O Children of Conn of the Hundred Battles.
Now is the time for you to win recognition,
O raging whelps,
O sturdy heroes,
O most sprightly lions,
O battle-loving warriors,
O brave, heroic firebrands,
The Children of Conn of the Hundred Battles,
O Children of Conn, remember
Hardihood in time of battle.

Today's Fortune Cookie Fortune:
You will admire the Scottish.

Posted on Friday, October 9, 2009 by Registered CommenterMarianne Fons | CommentsPost a Comment | References5 References

September 1, 2009: Chicago Agent Orange

My daughter Mary is immersed a year-long "art/life" project, primarily because she is a living artist, but also because she has been intrigued by the works of artist Linda Montano. In addition, Mary's husband is away for a year of training in the US Army Reserves. Her art/life project is a lively diversion that might also be a bit restrictive for a full time roommate.

Mary describes art/life in full on her blog PaperGirl, but one aspect of the year involves wearing a single color each month. She started in June with yellow. July was blue, June purple, and today, September 1, she transitioned from purple to orange.

I traveled from Winterset to Chicago Sunday because an examination under aneasthesia was scheduled for Mary Monday at Northwestern Hospital. Apparently, she has a tiny leak in her new internal plumbing system, one that her doctor repaired with, well, glue.

Yesterday afternoon, while Mary was still groggy in her hospital bed, I went on an orange clothing shopping mission on Michigan Avenue. Mary's sister Rebecca made a first foray Sunday, hitting sale racks at Gap, Banana Republic, H & M, and others, returning with fantastic orange shorts, a great scarf, and a flowy maxi dress. I went straight to Macy's at Watertower Place.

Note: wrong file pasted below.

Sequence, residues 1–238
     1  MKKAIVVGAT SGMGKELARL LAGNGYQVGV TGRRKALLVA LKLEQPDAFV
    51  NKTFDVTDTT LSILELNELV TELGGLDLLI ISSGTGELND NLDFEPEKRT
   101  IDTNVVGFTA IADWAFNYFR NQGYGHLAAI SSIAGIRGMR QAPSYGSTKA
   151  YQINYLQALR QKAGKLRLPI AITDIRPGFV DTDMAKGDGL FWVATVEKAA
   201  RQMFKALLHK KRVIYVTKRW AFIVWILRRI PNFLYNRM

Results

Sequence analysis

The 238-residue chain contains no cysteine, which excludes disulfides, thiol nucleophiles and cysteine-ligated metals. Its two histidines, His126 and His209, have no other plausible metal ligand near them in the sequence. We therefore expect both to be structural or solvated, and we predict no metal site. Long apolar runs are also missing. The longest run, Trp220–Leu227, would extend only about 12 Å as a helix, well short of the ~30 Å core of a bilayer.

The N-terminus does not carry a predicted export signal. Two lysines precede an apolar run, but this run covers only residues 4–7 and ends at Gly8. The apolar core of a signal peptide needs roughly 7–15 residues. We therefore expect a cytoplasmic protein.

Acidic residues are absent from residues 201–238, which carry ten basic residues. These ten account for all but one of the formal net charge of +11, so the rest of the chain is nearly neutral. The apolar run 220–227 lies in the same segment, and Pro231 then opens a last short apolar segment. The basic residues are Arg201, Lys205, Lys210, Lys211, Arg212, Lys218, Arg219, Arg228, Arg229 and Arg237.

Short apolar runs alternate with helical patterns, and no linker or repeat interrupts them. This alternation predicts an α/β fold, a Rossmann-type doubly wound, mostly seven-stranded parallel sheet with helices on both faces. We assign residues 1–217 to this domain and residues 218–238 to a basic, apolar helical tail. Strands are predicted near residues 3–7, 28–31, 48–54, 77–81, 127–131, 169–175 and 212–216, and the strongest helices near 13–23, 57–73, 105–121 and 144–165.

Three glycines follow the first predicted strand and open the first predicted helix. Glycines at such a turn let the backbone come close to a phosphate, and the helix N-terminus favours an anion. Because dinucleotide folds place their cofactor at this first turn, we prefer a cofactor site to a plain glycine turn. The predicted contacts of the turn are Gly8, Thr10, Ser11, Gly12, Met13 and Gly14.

Shopping for one color only is an unique experience. Stepping off the escalator, you scan the retail horizon, hyperfocused. The blacks, grays, and deep reds of your entire shopping history are invisible to you. Interestingly, you can cover an entire floor of a huge department store in under ten minutes.

I found a darling tie-dye dress, a peasanty print blouse, and the perfect T-shirt, all at 70% off.

Heading back to the hospital for show-and-tell, I exited to the Magnificent Mile via American Girl Place. Strangely, as I bustled through with my shopping bags, I scanned the racks for tiny, orange doll clothes for a moment or two, then pulled myself together.

Mary is home today, dressed in juicy orange.

Today's Fortune Cookie Fortune:
You will find some bargains.

Posted on Tuesday, September 1, 2009 by Registered CommenterMarianne Fons | CommentsPost a Comment | References3 References

August 31, 2009: Comin' Through the Rye